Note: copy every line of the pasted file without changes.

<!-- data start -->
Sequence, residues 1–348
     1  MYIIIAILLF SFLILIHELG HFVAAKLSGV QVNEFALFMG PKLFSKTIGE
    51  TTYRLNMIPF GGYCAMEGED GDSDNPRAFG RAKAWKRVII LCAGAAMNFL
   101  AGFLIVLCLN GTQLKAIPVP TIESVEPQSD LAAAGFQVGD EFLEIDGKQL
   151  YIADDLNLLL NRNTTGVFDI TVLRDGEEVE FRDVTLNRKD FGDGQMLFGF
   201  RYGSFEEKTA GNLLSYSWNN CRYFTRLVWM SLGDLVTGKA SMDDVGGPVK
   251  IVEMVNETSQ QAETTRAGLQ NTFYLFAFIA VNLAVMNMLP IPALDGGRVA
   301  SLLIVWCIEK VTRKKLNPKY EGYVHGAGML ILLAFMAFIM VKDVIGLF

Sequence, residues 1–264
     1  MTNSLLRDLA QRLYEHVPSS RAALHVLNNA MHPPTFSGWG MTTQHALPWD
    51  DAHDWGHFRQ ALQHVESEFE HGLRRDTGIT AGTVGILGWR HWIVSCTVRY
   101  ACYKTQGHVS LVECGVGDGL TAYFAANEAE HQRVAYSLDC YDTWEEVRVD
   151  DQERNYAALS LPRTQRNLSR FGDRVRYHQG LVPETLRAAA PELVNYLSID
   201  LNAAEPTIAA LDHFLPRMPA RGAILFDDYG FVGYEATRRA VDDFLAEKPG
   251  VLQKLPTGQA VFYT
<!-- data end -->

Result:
Sequence, residues 1–348
     1  MYIIIAILLF SFLILIHELG HFVAAKLSGV QVNEFALFMG PKLFSKTIGE
    51  TTYRLNMIPF GGYCAMEGED GDSDNPRAFG RAKAWKRVII LCAGAAMNFL
   101  AGFLIVLCLN GTQLKAIPVP TIESVEPQSD LAAAGFQVGD EFLEIDGKQL
   151  YIADDLNLLL NRNTTGVFDI TVLRDGEEVE FRDVTLNRKD FGDGQMLFGF
   201  RYGSFEEKTA GNLLSYSWNN CRYFTRLVWM SLGDLVTGKA SMDDVGGPVK
   251  IVEMVNETSQ QAETTRAGLQ NTFYLFAFIA VNLAVMNMLP IPALDGGRVA
   301  SLLIVWCIEK VTRKKLNPKY EGYVHGAGML ILLAFMAFIM VKDVIGLF

Sequence, residues 1–264
     1  MTNSLLRDLA QRLYEHVPSS RAALHVLNNA MHPPTFSGWG MTTQHALPWD
    51  DAHDWGHFRQ ALQHVESEFE HGLRRDTGIT AGTVGILGWR HWIVSCTVRY
   101  ACYKTQGHVS LVECGVGDGL TAYFAANEAE HQRVAYSLDC YDTWEEVRVD
   151  DQERNYAALS LPRTQRNLSR FGDRVRYHQG LVPETLRAAA PELVNYLSID
   201  LNAAEPTIAA LDHFLPRMPA RGAILFDDYG FVGYEATRRA VDDFLAEKPG
   251  VLQKLPTGQA VFYT